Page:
See also: the MashSSL Incubator Group Charter

Transforming E-government and E-participation Through IT
Peristeras, Mentzas, Tarabanis, Abecker; IEEE Intelligent Systems

"Public administrations are considered the heaviest service industry worldwide. During the last decades, governments all over the world have undertaken huge investments in information and communication technologies (ICT), but they are still far from satisfying their constituents, as they usually operate inefficiently and ineffectively. E-government and e-participation research aims to refocus government on its customers—citizens and businesses—and provide the models, technologies, and tools for more effective and efficient public administration systems as well as more participatory decision processes. To this end, there is currently a growing interest in how this challenging domain can benefit from emerging "intelligent" technologies, tools, and applications—such as the Semantic Web, service-oriented architectures (SOAs), Web 2.0, and social computing. Initiatives and projects both in Europe and the US reflect this interest...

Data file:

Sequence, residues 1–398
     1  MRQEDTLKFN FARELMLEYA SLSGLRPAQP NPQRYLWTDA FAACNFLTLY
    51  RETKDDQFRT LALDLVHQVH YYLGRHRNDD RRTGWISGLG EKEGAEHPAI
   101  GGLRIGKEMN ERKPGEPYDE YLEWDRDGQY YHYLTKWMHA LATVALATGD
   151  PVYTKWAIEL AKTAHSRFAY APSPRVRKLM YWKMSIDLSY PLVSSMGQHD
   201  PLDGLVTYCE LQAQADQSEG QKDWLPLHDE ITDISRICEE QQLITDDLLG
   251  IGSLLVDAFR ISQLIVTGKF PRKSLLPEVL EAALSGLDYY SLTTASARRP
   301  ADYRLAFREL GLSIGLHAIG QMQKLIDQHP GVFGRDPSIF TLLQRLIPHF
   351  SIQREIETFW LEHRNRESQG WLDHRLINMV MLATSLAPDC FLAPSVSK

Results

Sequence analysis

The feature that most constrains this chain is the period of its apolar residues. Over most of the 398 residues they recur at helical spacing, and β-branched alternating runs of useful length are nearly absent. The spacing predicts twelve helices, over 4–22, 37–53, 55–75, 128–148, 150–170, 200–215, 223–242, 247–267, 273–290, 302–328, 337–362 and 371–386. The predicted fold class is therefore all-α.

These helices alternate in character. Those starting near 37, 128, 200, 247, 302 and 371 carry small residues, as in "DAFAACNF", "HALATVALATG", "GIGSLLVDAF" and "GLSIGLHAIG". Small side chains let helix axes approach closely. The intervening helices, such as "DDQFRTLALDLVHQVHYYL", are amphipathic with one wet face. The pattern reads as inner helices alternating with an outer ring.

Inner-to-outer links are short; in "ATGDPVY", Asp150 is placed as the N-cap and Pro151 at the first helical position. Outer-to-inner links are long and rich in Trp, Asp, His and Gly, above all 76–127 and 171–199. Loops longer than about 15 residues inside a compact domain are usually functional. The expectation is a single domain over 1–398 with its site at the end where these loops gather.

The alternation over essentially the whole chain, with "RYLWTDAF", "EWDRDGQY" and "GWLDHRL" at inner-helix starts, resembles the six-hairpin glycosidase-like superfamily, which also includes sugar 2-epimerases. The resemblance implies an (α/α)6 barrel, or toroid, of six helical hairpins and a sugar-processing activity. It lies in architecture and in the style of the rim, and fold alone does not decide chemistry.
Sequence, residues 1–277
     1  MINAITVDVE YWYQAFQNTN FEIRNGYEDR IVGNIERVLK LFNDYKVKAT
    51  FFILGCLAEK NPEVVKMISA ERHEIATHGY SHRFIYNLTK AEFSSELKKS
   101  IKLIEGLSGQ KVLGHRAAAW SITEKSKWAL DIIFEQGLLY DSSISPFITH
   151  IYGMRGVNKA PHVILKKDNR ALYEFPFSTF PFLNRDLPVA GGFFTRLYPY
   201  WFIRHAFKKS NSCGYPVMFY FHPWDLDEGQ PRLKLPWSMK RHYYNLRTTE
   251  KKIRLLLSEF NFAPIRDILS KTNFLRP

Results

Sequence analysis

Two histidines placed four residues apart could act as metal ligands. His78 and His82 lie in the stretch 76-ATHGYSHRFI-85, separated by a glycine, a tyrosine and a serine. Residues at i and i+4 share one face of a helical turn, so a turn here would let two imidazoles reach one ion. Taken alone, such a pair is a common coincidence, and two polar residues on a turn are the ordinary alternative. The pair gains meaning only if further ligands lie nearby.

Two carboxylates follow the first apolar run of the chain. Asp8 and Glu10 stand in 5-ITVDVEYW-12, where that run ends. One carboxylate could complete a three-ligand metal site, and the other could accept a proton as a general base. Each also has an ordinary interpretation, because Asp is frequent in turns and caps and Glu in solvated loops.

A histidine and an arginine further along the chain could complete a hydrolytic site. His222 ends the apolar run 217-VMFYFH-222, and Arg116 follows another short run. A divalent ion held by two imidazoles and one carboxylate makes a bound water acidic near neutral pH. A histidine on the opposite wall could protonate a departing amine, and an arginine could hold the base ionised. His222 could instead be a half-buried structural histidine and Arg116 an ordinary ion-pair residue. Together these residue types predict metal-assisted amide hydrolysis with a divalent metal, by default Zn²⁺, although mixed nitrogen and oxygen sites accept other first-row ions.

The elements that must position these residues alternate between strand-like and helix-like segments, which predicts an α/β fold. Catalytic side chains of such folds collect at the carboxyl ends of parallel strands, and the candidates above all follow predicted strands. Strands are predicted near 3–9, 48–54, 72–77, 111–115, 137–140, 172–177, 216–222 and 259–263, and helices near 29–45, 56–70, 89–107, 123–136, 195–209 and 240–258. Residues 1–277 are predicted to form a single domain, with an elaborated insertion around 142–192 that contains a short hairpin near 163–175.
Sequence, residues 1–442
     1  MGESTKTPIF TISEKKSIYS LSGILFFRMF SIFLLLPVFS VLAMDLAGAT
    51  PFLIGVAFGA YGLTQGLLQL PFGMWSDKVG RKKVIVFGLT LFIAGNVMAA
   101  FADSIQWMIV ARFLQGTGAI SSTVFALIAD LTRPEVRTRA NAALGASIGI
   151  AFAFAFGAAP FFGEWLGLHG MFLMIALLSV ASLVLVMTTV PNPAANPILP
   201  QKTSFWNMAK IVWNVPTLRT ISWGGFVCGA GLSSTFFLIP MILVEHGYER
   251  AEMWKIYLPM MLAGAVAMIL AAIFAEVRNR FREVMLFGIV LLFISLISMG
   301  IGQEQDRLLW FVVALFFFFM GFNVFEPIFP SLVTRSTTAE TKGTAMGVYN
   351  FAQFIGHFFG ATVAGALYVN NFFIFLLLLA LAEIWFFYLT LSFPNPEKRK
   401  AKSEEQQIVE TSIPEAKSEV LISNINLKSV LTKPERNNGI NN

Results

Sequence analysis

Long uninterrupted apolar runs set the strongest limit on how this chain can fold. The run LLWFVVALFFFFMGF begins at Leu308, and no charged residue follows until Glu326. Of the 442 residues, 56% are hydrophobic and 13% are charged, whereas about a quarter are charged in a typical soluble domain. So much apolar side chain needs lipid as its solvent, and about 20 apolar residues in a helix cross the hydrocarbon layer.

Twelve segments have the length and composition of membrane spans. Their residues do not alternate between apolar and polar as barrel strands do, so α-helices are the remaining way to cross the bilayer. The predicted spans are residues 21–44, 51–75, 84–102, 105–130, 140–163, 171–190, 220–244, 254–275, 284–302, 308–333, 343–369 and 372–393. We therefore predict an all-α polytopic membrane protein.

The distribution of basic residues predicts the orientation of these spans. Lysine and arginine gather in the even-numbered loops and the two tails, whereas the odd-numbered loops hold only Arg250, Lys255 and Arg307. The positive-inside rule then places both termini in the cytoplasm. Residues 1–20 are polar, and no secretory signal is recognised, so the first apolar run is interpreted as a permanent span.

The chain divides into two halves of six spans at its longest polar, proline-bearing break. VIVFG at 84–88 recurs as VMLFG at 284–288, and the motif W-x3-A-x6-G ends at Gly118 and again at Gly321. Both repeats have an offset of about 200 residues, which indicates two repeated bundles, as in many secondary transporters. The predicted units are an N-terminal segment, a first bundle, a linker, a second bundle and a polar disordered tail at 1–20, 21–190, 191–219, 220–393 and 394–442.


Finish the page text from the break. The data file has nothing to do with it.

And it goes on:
In this of special issue of 'IEEE Intelligent Systems' we identify and discuss four major areas that could benefit from intelligent technologies. The first two—linked data and knowledge creation—are relevant to both e-government and e-participation. They relate to the challenge of using, reusing, and combining information kept isolated in separate islands and stovepipe systems, to distill, create, and distribute knowledge within governments. The other two areas—mass collaborative public networks and complex, dynamic, cross-organizational processes -- relate to e-participation and e-government respectively. These four research areas are indicative of the present and future research topics for e-government and e-participation in the emerging Web 3.0 era, which fuses social software (also known as Web 2.0) and the Semantic Web...

Semantic SOAs with formal service ontologies, event-driven architectures, model-driven architectures, social SOA, and Web-based lightweight SOA architectures are only some of the approaches to enabling a new level of service provision in an area where tremendous governmental financial investments (in national e-government portals, for instance) have so far not offered the expected returns..." [Note: this article serves as a Guest Editors' Introduction to the September/October 2009 issue of 'IEEE Intelligent Systems'.]

ECRIT Direct Emergency Calling
James Winterbottom, Martin Thomson (et al, eds), IETF Internet Draft